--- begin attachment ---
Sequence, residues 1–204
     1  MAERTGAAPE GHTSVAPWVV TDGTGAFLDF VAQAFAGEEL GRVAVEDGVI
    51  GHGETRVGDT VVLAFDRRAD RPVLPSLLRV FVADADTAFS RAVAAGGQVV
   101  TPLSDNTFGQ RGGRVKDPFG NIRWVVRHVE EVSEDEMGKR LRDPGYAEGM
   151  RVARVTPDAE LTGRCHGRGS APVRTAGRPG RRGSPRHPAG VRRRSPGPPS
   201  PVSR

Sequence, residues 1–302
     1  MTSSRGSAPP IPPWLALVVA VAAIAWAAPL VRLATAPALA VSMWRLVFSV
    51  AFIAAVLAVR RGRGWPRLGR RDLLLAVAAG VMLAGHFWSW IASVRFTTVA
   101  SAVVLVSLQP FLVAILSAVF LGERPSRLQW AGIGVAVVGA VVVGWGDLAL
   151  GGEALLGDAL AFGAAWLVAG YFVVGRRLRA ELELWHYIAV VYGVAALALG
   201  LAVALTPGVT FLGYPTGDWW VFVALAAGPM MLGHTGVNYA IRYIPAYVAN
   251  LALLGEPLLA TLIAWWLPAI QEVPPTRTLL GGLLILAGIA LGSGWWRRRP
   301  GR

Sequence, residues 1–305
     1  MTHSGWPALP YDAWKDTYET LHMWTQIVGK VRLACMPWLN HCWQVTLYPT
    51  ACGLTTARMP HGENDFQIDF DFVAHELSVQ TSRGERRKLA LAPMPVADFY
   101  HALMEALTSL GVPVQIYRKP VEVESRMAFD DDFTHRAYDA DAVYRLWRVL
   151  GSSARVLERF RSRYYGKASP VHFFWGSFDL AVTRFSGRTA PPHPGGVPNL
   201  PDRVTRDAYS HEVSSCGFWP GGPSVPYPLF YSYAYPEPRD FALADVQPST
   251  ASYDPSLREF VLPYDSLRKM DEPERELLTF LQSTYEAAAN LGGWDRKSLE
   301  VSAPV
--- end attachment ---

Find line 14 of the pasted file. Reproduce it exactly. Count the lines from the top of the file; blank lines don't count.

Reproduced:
   301  GR